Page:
I Was Told There’d Be Perks
Posted at 5:01 a.m. on Aug. 6, 2014
Who says Capitol Hill jobs don’t have perks? Staffers pull weeds before a press conference. (Bill Clark/CQ Roll Call)
Think Capitol Hill jobs could use a few more perks? Don’t call an UberX just yet. Hill Navigator discusses the tangible benefits of working in Congress.
Q. I’ve been repeatedly asking about a pay increase in my office, but I’m running into a wall because the next most senior staffer in the office makes about the same as me and isn’t actively pursuing a raise. I got a title bump the last time I pushed for a raise, but now I can’t think of any title that I could ask for. What other perks can I ask for? The usual things from other jobs like more time off and working from home privileges seem out of place on the Hill. I want to be here constantly!
A. Never has so much advice been given in the question in which it was asked. You wanted a raise, you got a title bump. You did your homework, you found your salary isn’t likely to move. In your hunt for privileges, you found out you already love your job.
Hill Navigator has something for you: A handshake and congratulations.
You’ve already maneuvered yourself well on Capitol Hill. Your office likes you enough to give you a title change (and hopefully some more responsibilities to go along with it) and you’re now on par with the most senior staffer in your office.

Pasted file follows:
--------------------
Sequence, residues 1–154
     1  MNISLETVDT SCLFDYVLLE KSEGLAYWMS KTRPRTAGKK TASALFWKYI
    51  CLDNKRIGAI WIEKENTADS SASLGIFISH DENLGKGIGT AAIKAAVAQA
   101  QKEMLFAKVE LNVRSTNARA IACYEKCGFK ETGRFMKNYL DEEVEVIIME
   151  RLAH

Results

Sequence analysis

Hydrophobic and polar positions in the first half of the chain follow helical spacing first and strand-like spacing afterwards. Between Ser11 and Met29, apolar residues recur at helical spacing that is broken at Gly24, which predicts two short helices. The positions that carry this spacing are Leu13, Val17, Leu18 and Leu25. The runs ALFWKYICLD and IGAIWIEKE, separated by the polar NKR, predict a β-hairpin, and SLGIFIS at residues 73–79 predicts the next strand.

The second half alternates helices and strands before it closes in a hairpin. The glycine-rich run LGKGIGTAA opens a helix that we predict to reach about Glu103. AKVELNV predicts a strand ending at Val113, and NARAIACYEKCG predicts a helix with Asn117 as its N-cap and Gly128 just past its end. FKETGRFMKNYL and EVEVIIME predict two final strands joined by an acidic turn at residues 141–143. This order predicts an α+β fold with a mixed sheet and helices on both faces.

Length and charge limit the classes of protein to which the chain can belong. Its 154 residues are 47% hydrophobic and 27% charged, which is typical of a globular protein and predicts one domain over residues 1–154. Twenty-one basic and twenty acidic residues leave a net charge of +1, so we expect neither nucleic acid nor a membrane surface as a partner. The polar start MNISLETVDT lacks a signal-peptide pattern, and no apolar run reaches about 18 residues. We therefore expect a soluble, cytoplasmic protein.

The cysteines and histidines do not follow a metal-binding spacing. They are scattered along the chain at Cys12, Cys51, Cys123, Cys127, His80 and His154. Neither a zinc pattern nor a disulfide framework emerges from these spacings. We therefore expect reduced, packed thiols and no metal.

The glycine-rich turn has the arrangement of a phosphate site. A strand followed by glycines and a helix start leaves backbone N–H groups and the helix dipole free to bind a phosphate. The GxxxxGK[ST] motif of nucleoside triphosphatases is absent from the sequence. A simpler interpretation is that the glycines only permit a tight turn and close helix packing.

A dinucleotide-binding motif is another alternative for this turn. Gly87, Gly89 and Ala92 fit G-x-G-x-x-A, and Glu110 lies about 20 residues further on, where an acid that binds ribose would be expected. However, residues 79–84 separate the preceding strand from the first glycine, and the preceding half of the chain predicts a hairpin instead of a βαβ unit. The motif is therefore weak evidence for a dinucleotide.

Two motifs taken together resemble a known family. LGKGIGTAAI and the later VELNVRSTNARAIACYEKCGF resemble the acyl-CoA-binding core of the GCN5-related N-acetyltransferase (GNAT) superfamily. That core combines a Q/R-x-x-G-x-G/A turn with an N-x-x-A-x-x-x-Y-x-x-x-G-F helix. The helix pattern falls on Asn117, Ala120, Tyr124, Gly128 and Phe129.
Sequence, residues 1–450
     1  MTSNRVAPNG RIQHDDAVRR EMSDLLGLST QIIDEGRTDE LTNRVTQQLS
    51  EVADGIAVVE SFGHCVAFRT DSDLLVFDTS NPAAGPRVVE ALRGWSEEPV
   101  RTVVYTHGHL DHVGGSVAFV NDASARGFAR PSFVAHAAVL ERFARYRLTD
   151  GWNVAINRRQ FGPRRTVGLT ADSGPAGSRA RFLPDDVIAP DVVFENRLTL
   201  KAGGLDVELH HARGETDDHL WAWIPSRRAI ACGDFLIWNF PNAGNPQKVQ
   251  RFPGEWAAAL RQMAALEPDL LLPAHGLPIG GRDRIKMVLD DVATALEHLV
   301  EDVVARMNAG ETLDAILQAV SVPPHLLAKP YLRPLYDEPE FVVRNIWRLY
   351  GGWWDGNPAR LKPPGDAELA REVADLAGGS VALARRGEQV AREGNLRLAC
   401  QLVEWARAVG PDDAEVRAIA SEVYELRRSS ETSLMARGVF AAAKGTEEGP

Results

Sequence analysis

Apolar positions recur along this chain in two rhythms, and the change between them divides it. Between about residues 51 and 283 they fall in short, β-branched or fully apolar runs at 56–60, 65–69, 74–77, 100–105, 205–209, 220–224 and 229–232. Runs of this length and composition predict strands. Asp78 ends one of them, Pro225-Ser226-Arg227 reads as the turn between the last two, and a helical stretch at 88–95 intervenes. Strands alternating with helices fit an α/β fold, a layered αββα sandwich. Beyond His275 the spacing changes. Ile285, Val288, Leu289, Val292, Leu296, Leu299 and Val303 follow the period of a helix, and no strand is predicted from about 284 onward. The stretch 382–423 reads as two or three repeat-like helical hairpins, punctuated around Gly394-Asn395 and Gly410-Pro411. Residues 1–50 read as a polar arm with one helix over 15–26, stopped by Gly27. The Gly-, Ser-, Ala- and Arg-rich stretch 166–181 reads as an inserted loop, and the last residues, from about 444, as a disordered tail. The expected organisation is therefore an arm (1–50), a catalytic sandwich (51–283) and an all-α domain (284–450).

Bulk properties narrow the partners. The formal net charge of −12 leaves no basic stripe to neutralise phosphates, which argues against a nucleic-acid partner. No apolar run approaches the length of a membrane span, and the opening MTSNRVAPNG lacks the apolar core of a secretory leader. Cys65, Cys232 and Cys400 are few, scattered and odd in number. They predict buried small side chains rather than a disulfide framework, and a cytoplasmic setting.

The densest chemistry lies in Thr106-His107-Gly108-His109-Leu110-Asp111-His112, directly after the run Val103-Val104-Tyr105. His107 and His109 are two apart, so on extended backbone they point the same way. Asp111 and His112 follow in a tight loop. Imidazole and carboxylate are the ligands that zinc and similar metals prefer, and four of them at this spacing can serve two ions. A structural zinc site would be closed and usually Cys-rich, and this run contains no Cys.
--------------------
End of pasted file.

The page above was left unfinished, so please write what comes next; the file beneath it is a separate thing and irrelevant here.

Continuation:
You’re looking for perks and you’re missing the biggest one: Being in an office, and doing good work, in a situation where you can thrive.
But yes, yes, you already knew that. So why won’t Hill Navigator get back to telling you how to maximize your current role with perks?
Because perks aren’t part of the Capitol Hill culture. Titles, information, access to higher-ups and influence within your realm are the currency in which Hill jobs are traded. There is no AmEx or expense account, no glamorous office and private bathroom unless your name is the on the door (and even then, not all are so glamorous, nor private).
Working for the government inherently means you’re working for others, not for profit. Yes, you may get your cell phone bill reimbursed, but you’re not going to have an Delonghi espresso machine anytime soon. No one on Capitol Hill does.
My advice to you: Learn as much as you can, work diligently, and take heart that you’re in an office where you’re so thrilled to be there that more time off isn’t even something you’d enjoy.
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